Two main factors determine the cost of a money transfer: interest rates, and fees and charges.
You should always try to get a 0% money purchase card if you can. These will charge you 0% interest for a set time, for instance, 18 months. If you pay off the debt within that period, you’ll pay no interest at all. You must make the minimum payment each month or you could lose the introductory offer and end up paying a high rate of interest.
When you sign up for a card, check if there is a deadline for your first transfer. Some 0% cards will say you need to do the transfer within a certain time limit, such as 90 days. If you don’t think you’ll repay what you owe in the offer period, you’ll be switched to a higher rate.
If don’t qualify for a 0% card, look for the best rate available to you. The lower this is, the cheaper your borrowing will be. You should also compare the rate with other products, such as low-cost loans and overdrafts, to make sure a money transfer card is the most cost-effective option.
Fees and charges
There are two main fees to consider:
Transfer fee: This is the amount you’ll be charged for transferring the money. The standard charge is 1-5% of the amount being transferred. The lower this is, the better.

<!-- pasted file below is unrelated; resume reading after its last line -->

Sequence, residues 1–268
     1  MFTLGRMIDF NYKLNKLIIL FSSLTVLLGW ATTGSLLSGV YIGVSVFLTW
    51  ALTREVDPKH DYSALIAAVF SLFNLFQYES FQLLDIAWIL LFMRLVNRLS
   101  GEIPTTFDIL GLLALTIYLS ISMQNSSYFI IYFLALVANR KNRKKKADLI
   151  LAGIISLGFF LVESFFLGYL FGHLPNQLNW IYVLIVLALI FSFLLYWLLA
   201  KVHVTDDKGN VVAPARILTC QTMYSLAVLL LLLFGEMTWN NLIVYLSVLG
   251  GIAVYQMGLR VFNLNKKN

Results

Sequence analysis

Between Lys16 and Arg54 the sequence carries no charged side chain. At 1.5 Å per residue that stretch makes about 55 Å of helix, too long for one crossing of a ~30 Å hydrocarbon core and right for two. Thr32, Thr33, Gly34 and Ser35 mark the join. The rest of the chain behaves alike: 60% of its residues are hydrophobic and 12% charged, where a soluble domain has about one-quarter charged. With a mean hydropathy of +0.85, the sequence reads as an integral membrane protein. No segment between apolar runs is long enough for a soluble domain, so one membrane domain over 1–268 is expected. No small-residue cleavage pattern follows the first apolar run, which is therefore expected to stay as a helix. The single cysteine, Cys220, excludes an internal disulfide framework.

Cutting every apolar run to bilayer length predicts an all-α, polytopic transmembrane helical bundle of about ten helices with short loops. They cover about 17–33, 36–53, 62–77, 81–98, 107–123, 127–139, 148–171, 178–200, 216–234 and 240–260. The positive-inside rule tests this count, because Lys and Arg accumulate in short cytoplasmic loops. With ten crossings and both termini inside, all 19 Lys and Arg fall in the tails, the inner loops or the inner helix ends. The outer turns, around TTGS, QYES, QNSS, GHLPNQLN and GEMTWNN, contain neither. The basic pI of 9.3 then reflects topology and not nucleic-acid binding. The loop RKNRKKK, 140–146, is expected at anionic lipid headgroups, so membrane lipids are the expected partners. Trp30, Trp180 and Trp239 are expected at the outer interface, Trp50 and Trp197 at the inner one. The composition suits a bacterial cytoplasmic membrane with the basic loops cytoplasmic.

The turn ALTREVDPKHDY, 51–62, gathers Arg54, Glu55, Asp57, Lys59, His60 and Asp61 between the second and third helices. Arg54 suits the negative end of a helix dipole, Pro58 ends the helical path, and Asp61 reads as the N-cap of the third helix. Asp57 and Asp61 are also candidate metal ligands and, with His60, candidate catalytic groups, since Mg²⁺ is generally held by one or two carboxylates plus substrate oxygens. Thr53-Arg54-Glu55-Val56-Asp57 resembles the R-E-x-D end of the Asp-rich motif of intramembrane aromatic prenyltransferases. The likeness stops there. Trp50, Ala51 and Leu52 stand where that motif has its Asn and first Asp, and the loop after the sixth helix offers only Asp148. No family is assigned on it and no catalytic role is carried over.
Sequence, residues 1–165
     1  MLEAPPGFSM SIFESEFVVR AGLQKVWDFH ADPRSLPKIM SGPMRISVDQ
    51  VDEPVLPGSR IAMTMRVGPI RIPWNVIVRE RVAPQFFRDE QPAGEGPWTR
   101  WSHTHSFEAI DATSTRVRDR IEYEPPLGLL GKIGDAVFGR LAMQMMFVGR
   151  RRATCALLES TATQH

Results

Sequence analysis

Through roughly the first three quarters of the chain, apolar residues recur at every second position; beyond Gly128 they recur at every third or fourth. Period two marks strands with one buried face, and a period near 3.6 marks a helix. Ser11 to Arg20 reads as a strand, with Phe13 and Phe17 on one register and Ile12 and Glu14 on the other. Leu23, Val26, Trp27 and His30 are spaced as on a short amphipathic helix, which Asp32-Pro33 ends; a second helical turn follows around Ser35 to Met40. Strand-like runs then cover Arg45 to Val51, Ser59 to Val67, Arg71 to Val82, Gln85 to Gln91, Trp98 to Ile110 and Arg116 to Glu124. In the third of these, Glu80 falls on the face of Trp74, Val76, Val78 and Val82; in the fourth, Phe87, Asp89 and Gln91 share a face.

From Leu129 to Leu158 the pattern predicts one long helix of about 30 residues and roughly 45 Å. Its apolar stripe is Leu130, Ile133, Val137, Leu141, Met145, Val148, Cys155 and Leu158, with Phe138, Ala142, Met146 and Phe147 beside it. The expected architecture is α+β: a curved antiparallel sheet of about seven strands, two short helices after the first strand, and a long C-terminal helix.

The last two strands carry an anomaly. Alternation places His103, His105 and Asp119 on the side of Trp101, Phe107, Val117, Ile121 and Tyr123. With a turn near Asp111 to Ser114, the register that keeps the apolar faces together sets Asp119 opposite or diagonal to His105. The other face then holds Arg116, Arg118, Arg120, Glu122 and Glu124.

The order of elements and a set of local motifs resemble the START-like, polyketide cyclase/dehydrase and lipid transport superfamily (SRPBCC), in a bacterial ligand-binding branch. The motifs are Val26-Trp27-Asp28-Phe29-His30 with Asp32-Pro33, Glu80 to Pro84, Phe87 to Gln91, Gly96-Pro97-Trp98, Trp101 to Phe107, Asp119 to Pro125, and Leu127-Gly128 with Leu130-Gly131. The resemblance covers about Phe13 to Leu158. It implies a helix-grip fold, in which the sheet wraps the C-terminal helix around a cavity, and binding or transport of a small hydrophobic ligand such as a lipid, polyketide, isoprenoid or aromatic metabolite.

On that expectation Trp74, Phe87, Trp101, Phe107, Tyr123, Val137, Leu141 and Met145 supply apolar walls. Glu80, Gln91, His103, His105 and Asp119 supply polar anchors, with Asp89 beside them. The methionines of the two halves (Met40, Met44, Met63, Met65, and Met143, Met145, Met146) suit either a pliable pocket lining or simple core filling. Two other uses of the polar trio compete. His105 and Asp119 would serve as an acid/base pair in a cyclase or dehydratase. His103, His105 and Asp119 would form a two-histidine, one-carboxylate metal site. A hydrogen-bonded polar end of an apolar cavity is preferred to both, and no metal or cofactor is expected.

Late payment fees: If you miss a payment, you’ll be charged. The provider should tell you what this will cost before you sign up. If you’ve got a 0% card, missing a payment could mean you lose the offer and end up with an expensive rate.
To get a money transfer card, you usually need to have a good credit score. 0% money transfer cards are typically only available to people with the very best scores. Before you apply, use free eligibility checkers to see what cards you’re likely to be accepted for.
This will depend on your personal circumstances and the card you choose. Most providers will set a maximum transfer value, which is a percentage of your overall credit limit. Many also have a minimum transfer amount, for instance, £100. Make sure you only transfer what you need, and – more importantly – an amount you can afford to repay.
There are two ways to transfer money without paying interest. The first is to get a 0% money purchase card, which means there’s no interest for a set period. This enables you to spread your repayments over several months interest-free.